ATHENS, GREECE | Painting
Olga Stamatiou was born in New York City and began painting in 1967. This relatively late start to her artistic career followed the discovery of painting as a vehicle for cathartic personal expression. At the age of eighteen, she lived with relatives in Athens, Greece. It was there in the heady, intellectually charged, and artistically-vibrant atmosphere of the mid-1960’s that she began her formal artistic education. She was studying with the painter Ilias Dekoulakos. She remained in Greece until 1976, when she returned to the United States and embarked on further studies at Boston University’s School of Fine Arts, where she received her BFA and MFA degree in painting. She also completed a graduate program in Art Therapy at the Metropolitan College of Boston University. She lived in America for the next 20 years, exhibiting and working in the United States. In 1997, she returned to Greece with her husband to live and paint once again. During that time, she had exhibitions in Athens, Greece, and Nice, France.
In 2008 back in the US, she and her husband started a nonprofit company called Seewall Child which built and installed interactive art-based installations free of charge in crisis centers for children. They have won a 2007 Society in Arts in Healthcare Blair Sadler Award. It was said to be one of the most innovative arts projects demonstrating a compelling impact on the quality of the healthcare experience for patients, their families, and caregivers.
Due to the coronavirus, Seewall-Child had to close its doors for public safety for all.
Olga once again returned to Greece and continues to create, paint and work with children.
“One day, a long time ago, I retreated into my room and began to paint. It was an intuitive act, based on the need to express emotions and thoughts, and as in most actions followed by intuition, it was the best choice of my life and has become my closest companion.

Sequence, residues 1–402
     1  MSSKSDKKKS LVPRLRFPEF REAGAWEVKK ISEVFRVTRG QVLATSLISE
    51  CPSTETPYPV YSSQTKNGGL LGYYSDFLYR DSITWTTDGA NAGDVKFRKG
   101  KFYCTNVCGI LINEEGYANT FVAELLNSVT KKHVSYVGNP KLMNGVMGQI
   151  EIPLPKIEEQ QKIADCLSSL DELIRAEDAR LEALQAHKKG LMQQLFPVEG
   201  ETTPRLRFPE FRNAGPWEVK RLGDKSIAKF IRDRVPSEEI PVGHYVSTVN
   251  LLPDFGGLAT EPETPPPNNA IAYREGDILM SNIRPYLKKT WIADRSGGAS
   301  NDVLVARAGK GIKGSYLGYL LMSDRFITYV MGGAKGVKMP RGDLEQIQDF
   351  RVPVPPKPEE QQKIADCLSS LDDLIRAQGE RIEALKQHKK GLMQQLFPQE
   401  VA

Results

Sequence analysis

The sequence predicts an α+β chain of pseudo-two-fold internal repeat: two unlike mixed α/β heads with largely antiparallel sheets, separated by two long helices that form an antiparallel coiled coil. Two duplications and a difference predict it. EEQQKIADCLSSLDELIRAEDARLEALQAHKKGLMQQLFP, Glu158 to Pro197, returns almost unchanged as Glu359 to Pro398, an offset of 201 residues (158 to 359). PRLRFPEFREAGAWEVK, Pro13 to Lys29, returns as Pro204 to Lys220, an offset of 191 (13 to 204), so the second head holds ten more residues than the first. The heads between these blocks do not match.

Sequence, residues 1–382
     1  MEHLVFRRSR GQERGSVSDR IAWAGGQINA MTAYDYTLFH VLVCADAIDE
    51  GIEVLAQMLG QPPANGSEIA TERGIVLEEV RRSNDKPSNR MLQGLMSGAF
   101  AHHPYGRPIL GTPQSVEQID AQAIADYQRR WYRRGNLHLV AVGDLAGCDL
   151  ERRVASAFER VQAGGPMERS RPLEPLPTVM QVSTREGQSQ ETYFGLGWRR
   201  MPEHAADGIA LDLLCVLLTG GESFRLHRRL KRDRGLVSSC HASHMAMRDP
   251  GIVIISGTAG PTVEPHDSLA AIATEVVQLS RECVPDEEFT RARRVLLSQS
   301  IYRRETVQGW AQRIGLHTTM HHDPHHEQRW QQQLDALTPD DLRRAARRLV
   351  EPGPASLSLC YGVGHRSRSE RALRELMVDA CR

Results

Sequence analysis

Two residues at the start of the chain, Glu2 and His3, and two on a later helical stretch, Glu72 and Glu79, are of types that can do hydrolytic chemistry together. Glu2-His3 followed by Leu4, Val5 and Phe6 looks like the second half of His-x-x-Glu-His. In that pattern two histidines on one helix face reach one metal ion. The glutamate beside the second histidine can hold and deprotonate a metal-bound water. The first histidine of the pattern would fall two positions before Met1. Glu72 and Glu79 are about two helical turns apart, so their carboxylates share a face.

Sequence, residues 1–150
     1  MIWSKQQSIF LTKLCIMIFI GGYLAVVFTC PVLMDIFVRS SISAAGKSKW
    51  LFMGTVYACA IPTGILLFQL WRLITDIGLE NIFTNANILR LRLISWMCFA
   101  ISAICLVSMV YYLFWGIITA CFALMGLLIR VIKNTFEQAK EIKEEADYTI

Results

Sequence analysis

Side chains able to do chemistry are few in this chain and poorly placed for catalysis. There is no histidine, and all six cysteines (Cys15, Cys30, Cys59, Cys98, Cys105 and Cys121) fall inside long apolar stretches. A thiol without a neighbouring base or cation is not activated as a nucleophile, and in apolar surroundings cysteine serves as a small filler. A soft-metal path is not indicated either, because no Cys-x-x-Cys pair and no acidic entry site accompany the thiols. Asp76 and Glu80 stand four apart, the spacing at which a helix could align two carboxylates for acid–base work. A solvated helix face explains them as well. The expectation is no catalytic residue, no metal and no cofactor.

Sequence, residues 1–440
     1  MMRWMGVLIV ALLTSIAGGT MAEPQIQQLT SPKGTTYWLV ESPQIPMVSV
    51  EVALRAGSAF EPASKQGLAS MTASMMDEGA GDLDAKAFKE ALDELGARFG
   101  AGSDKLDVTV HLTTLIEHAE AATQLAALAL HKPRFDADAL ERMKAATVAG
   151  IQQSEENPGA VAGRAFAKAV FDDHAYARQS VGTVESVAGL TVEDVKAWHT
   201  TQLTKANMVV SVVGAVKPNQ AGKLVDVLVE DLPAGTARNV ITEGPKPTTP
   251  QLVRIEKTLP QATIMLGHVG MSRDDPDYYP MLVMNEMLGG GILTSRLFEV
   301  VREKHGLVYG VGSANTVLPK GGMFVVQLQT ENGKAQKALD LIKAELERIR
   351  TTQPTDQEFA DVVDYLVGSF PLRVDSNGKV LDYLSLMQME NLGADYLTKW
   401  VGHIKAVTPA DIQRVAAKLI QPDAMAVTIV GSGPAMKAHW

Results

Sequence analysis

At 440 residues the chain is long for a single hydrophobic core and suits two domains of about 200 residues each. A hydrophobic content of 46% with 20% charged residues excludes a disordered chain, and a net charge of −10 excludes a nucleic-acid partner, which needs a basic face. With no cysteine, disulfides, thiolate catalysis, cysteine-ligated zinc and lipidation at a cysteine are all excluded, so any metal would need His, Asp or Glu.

Color is my passion and my primary vehicle of artistic expression. I feel color so intensely that it intoxicates me. When I first saw a Van Gogh painting, I drooled—exhilarated as the colors were powerfully rich and luscious. What an experience! Then later, after looking at a Rothko, I was transported to a different place, a peaceful meditative state of beautiful inner-light experience.
Color is profoundly subliminally effective. It can elevate you to many different states, and like music, it can calm you, excite you, inspire you, take away your pain, make you feel good, lift your spirits and bring you to another frame of mind. Its vibratory force can influence human behavior and is incredibly healing when used effectively.
Imagine a world without color. Color should not be feared but embraced, for it can reveal many amazing things to the human psyche.
Art is as much an expression of my own inner life and my struggle to maintain equilibrium as it is about my observations of the world around me. From the marching mushrooms to the sensual tango dancers, from the quiet wisdom of a giant tabby cat to the intense trapped energy of the “burqa ladies,” it is a metaphor for life on 21st Century Planet Earth and the cry of that small inner voice inside us, aching to be heard.
As I paint, I am aware of a predominant tension between light and dark and between the ebb and flow of life force present in all creatures and their greatness. I love the process of painting, of letting layers appear and express themselves, of digging and digging to find elements that beg to be exposed. It is pure joy to work through the tension and get to the light, on the other side of the darkness that exists, really, in all of us.
I have always had a fascination with folds, veils, drapes, curtains, and of course, color. My palette can be rich, sophisticated, and bold. It can reveal a tenderness of the spirit or a sense of alienation or isolation. But however it emerges, color is the primary vehicle of my artistic expression, setting the mood and nudging the reasons to the realization that we all are similar. I want my viewers to see a part of their spirit in my work and understand how connected we are in a tiny quiet moment. Although I address my work with purpose and seriousness, there is an edgy quirkiness, a whimsical twist to everything I paint. With tongue firmly in cheek, I strive to address the issues that confront us and elicit at least a wry smile from the observer. Purity, clarity, and peaceful silence: reflected in my paintings is what I am trying to find in my life.”